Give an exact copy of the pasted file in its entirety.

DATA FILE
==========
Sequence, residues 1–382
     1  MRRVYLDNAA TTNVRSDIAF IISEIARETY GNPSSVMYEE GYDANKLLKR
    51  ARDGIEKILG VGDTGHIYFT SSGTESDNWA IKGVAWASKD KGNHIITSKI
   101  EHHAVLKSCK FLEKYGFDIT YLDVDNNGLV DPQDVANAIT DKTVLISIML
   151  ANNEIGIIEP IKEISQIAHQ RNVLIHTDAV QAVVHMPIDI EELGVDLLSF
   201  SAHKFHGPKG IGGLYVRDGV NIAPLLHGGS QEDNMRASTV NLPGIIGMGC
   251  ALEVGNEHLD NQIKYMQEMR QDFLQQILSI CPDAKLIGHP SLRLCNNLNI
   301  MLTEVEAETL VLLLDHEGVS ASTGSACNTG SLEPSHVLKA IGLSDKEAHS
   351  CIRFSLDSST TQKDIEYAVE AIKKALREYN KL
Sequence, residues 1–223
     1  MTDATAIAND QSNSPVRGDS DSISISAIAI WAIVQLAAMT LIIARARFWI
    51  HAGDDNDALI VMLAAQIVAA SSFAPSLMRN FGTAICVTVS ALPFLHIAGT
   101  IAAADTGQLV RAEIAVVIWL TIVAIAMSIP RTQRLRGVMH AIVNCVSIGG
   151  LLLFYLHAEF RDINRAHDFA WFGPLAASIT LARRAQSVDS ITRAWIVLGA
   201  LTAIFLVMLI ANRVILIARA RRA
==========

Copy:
Sequence, residues 1–382
     1  MRRVYLDNAA TTNVRSDIAF IISEIARETY GNPSSVMYEE GYDANKLLKR
    51  ARDGIEKILG VGDTGHIYFT SSGTESDNWA IKGVAWASKD KGNHIITSKI
   101  EHHAVLKSCK FLEKYGFDIT YLDVDNNGLV DPQDVANAIT DKTVLISIML
   151  ANNEIGIIEP IKEISQIAHQ RNVLIHTDAV QAVVHMPIDI EELGVDLLSF
   201  SAHKFHGPKG IGGLYVRDGV NIAPLLHGGS QEDNMRASTV NLPGIIGMGC
   251  ALEVGNEHLD NQIKYMQEMR QDFLQQILSI CPDAKLIGHP SLRLCNNLNI
   301  MLTEVEAETL VLLLDHEGVS ASTGSACNTG SLEPSHVLKA IGLSDKEAHS
   351  CIRFSLDSST TQKDIEYAVE AIKKALREYN KL
Sequence, residues 1–223
     1  MTDATAIAND QSNSPVRGDS DSISISAIAI WAIVQLAAMT LIIARARFWI
    51  HAGDDNDALI VMLAAQIVAA SSFAPSLMRN FGTAICVTVS ALPFLHIAGT
   101  IAAADTGQLV RAEIAVVIWL TIVAIAMSIP RTQRLRGVMH AIVNCVSIGG
   151  LLLFYLHAEF RDINRAHDFA WFGPLAASIT LARRAQSVDS ITRAWIVLGA
   201  LTAIFLVMLI ANRVILIARA RRA